First-timer Shepard writes here about people and horses: far more convincingly so with the horses.
A sentimental opener that strains credulity (“First Day She’d Never See”) is about a drug user who sells his last possession, his car, named for his drug-dead girlfriend. Readers can be pardoned, here and elsewhere, for demanding more weight and depth in Shepard’s people—as in the man in “Flaw in the Shelter” who, predictably, slips off the pitch of a roof and hangs there after trying to get a bird out of the chimney, counseling the while that “Immediacy was the only thing . . . worth recognizing as truth.” A young couple whose marriage is collapsing (“In the Open”) are so utterly unprepossessing—he shallow, she bitchy—that they’re just hooks to hang a story on, and the same is true in “We’ll Talk Later,” about a California couple trying to adapt to life in Virginia: a sorrow in the woman’s past is intended to give weight but fails to, remaining unrealized, while the husband, an independent filmmaker, is barely a cipher, however self-impressed he may be. The two getting married in “Blinkers” achieve no significance in themselves but are simply an excuse for a horse-drawn wedding procession to be described: the day is hot, the mountainside is steep, and a carriage-horse dies of a heart attack—one of the most vivid scenes in the book, for, as said, Shepard is clearly best at horses. In “Night Shot,” the type-cast cowboys are ignorable, but the uneasy horses they’re in charge of on a movie set are vivid, charactered, and real, and the same is true—both of horses and cowboys—in “Thirty Head of Killers.” The closest to a fictional balance between man and beast is in the title story, about an old man trying to prove a horse’s lineage by disinterring one of its parents for DNA testing.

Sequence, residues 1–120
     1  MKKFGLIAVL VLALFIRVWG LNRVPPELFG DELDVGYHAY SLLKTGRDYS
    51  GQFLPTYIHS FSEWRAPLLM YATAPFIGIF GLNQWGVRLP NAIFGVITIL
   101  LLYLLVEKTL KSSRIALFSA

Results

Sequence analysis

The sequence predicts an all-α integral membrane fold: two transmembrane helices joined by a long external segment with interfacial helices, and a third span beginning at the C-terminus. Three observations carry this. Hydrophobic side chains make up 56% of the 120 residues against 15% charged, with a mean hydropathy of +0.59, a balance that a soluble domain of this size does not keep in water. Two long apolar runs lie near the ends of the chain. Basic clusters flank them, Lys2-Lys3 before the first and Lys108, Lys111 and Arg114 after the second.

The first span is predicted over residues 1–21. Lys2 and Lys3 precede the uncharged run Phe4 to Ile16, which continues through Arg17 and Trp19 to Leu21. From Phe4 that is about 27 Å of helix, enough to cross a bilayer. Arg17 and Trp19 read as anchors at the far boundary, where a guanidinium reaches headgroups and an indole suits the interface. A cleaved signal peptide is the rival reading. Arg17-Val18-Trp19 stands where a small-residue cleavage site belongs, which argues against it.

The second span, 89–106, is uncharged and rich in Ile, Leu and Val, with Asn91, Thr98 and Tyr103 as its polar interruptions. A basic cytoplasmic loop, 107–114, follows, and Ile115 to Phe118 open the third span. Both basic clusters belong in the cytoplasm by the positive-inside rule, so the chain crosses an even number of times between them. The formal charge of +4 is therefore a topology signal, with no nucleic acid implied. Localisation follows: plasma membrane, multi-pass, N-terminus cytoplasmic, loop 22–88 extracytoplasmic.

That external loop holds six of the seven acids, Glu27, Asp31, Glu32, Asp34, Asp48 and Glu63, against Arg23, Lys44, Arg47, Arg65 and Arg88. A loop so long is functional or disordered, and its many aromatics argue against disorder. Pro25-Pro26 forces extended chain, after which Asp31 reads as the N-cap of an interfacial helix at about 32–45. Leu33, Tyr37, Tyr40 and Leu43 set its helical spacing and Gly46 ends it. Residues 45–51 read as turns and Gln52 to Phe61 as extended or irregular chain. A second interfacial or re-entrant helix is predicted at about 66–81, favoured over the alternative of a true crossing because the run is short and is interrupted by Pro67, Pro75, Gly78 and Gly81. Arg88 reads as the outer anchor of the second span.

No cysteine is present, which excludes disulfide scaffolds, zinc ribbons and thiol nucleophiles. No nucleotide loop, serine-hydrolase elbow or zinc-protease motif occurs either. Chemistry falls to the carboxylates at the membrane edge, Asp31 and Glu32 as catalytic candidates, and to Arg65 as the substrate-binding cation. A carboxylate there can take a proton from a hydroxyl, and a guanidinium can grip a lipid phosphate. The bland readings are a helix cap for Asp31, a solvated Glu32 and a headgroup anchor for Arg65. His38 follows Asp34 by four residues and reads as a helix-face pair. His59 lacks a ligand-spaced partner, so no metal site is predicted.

Weak stories, artificial people, real horses.